Trump Had a Day
And it might get worse
Well, well, well. Let’s just say that Donald Trump has had better days.
This could be one of his worst, but there may be far worse ones coming down the line if today turns out to be a preface and not a denouement.
This morning started off bad enough.
New York Attorney General Letitia James made it known that she was going to issue a “major announcement.” And she did not disappoint. The lawsuit she filed in state court is in essence a guided missile aimed right at the heart of the Trump family business. Calling the level of fraud she uncovered “staggering,” James outlined a list of facts that could have been a plotline in The Sopranos.
And it isn't just the patriarch in her legal crosshairs. The three children who have been foisted upon the American public — Don Jr., Eric, and Ivanka — also earned starring roles in the court papers.
While this is a civil suit, that’s because James is limited from bringing criminal charges. She did refer her findings to federal prosecutors in Manhattan, but if they choose to press forward, they will likely have to get in line.
That’s because as rough as this morning’s news cycle was for Trump, more pain was in the offing.
This evening, the 11th Circuit ruled on the outrage that has been festering over the investigation into the classified documents the former president took (for still unknown reasons, at least publicly) to Mar-a-Lago.
If Trump was hoping that Trump judges at the appellate level would fall in line like Judge Cannon (the district judge who’s done legal backflips well beyond the bounds of precedent or prudence to accommodate Trump), he was sorely mistaken. Two Trump judges sided with an Obama appointee to issue a stinging rebuke of the lower court’s ruling — a ruling that most judicial experts had felt was about as serious as an episode of Laugh In.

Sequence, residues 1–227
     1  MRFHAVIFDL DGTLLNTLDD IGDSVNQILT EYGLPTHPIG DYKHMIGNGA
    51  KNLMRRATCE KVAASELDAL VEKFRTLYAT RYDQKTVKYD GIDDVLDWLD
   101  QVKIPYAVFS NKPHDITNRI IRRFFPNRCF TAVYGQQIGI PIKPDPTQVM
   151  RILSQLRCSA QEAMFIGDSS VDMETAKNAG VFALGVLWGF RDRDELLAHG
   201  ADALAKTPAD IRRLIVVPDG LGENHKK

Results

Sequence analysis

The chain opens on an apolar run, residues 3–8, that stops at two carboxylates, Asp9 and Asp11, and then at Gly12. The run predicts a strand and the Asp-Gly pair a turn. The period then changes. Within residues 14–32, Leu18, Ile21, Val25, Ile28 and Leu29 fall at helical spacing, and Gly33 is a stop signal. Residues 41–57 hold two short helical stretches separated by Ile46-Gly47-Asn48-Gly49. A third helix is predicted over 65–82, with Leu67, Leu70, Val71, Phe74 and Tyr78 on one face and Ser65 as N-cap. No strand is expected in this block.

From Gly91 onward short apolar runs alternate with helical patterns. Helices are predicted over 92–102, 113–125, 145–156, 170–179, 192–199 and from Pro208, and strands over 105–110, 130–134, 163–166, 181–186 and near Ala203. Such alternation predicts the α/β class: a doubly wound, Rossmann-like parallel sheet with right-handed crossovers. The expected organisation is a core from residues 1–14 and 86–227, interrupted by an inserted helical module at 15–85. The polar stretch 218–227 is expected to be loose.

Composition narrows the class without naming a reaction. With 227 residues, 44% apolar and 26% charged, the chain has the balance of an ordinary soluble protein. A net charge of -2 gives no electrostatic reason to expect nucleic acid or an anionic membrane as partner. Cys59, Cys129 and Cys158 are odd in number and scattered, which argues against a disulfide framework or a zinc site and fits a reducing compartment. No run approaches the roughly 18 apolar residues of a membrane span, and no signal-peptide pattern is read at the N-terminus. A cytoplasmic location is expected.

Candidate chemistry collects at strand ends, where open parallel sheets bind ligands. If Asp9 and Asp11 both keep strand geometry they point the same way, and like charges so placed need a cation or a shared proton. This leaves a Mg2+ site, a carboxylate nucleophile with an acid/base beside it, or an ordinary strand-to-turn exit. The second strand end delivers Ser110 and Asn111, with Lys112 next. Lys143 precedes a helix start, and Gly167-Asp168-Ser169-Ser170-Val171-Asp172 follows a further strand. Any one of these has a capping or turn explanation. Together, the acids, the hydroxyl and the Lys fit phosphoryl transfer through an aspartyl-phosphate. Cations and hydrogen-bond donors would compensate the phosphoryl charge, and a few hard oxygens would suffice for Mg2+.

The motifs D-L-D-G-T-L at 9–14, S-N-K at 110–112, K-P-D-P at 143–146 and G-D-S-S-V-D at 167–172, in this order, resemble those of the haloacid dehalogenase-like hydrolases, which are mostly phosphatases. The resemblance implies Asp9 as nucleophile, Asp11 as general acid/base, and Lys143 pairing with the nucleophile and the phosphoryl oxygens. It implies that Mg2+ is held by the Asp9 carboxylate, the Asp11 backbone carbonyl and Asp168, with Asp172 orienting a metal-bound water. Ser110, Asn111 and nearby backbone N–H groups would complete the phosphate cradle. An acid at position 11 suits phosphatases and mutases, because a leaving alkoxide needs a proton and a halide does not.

I will leave it to legal scholars to parse the specifics of the lawsuits and rulings, but some big things are clear. One, Trump is in trouble. Big trouble. And not the kind of trouble that he can squirm his way out of by bloviating to Sean Hannity or browbeating Mitch McConnell. He’s on the defensive, and pressure is closing in from all directions.
The timing of these quickening drumbeats of scrutiny overlap with the final stretch of the midterm elections — into which Trump has vociferously inserted himself according to the only metric he knows: what benefits him. November thus is shaping up to be a referendum on Trumpism, to the dismay of many Republican officials. But those same Republicans have made a decision en masse to embrace Trump, at least publicly. From a cynical political calculus one can understand why. The Republican base is the Trump base, or maybe it’s more accurate to put that the other way around.
It is also clear that the core of this base is not enough to power Republicans to majorities in Congress. And yet, if the base stays home, Republicans also will lose.
With so much at stake, the unknowns hanging over Trump and his legal jeopardy are very consequential. How bad might this get for Trump and those who have fastened themselves to him? Will more be revealed? Will any Republicans decide that they need to separate themselves from Trump? Will that lead to disarray within the party as election day approaches? All of this is possible. But it is also possible that Trump skates by once again, at least for now. It is possible that Republicans take back Congress, and they frame their victory as a validation of Trumpism, nevermind what it means for the health and security of the country.
Right now it looks like a close election, but tides can shift, sometimes drastically. Support can crumble. What once looked like strength can be recast as weakness. Just ask one of the few people having a rougher go of it of late than Trump — Vladimir Putin.
Oh, and in other late-breaking news, the January 6th committee has come to an agreement to interview Clarence Thomas’s wife Ginni Thomas. Can’t forget about that investigation.
One imagines all is not quiet tonight in Mar-a-Lago.
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